6 Things I Would Advise My Younger Self to Do

I have a lot of pleasant memories from my childhood and teenage years. However, I realize now that there were many valuable life lessons that I had yet to learn and wish I had grasped sooner. If I could turn back the hands of time and give my younger, more naive and inexperienced self some life advice, here are the things I would address:

1. Pay More Attention to Your Health

Like many young people, I did not value good health as much as I should have when I was younger. I took good health for granted and paid little attention to proper nutrition and regular exercise. Fortunately, I was very active in sports, even though I did it for fun rather than for health reasons. I never went to the gym or did much strength training. My diet was far from stellar and I would eat copious amounts of bacon, butter, lard, meat, cheese, oil, and even some processed foods. I did eat vegetables and fruit, but not as much as I should have. I ate whatever I wanted with little regard for my health. As a result of my choices when younger, I now realize that I was not doing my body (and health) any favors by eating food that was not only unhealthy, but also severely lacking in nutritional value. I only went to the doctor when I was really sick and never paid attention to my blood pressure, cholesterol and blood tests.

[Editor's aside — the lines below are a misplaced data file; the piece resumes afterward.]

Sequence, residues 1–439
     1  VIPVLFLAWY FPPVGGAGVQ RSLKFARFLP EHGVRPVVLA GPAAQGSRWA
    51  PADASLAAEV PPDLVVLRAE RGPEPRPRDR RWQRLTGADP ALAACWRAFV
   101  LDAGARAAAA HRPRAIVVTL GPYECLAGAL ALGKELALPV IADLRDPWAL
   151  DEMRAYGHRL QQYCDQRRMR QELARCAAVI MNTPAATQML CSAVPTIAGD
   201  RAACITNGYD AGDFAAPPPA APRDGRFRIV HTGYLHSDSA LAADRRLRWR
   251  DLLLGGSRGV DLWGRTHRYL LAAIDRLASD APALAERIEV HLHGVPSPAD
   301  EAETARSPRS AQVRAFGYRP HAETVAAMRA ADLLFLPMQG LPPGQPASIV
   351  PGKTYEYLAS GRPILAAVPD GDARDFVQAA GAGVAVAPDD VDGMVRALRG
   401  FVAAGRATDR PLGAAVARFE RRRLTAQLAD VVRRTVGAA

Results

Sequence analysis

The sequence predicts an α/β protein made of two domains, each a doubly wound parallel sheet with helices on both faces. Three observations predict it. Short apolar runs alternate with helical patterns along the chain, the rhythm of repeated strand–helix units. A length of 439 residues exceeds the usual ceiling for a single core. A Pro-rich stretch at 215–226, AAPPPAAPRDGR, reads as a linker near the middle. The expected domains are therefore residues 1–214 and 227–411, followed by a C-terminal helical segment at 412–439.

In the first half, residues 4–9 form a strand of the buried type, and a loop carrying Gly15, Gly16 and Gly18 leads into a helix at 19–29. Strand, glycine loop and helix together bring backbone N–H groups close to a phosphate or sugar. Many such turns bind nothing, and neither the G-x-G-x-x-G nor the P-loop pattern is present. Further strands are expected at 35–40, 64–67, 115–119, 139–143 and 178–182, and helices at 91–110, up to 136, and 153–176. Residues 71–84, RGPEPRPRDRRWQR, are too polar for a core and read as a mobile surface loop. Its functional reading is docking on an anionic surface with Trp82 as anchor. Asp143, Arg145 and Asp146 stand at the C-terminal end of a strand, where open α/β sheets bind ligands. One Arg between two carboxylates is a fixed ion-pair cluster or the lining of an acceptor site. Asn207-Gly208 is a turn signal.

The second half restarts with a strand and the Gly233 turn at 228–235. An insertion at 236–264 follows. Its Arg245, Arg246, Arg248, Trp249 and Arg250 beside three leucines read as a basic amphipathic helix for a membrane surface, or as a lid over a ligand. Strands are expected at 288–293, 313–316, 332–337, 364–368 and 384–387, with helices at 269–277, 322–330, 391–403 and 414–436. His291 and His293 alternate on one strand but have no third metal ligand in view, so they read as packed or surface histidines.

Advice: I would tell my younger self to eat whole foods, with as much of my nutrition derived from whole grains, vegetables, legumes, beans, and fruit as possible. I would recommend eating foods that are close to their natural state as possible, while eradicating meat, dairy, eggs, and highly processed foods that are devoid of much nutritional value. I would also recommend regular strength training and cardiovascular exercise. Lastly, I would suggest regular blood tests and visits to the doctor for checkups every six months.

2. Value Your Time

One of the things I took for granted when younger was time. Because I was young, I assumed that I had a lot of time at my disposal and, therefore, could afford to waste some of it on frivolous things such as watching junk on TV, daydreaming, and sleeping. I did not realize how precious time is and never budgeted it wisely. One of the biggest regrets that people who are dying express is that they did not value their time and, instead, took it for granted.

Advice: I would tell my younger self that time is fleeting and the most precious commodity that one has. I would point out that time is one of the few things that, once spent, cannot be regained. All of us have a fixed amount of time on this earth and it is important to use that gift prudently. In fact, one of the biggest regrets that many adults admit to is not using their time wisely when younger.